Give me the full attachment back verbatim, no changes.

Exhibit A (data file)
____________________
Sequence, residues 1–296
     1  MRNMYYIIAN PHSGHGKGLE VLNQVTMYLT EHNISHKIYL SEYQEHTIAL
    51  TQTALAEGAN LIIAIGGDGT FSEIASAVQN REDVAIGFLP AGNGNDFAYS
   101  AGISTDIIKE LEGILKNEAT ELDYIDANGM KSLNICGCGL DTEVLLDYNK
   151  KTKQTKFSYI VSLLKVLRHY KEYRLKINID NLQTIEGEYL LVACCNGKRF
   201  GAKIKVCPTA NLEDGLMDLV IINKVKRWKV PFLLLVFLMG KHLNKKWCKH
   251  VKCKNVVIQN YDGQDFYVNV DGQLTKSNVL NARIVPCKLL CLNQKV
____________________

Sequence, residues 1–296
     1  MRNMYYIIAN PHSGHGKGLE VLNQVTMYLT EHNISHKIYL SEYQEHTIAL
    51  TQTALAEGAN LIIAIGGDGT FSEIASAVQN REDVAIGFLP AGNGNDFAYS
   101  AGISTDIIKE LEGILKNEAT ELDYIDANGM KSLNICGCGL DTEVLLDYNK
   151  KTKQTKFSYI VSLLKVLRHY KEYRLKINID NLQTIEGEYL LVACCNGKRF
   201  GAKIKVCPTA NLEDGLMDLV IINKVKRWKV PFLLLVFLMG KHLNKKWCKH
   251  VKCKNVVIQN YDGQDFYVNV DGQLTKSNVL NARIVPCKLL CLNQKV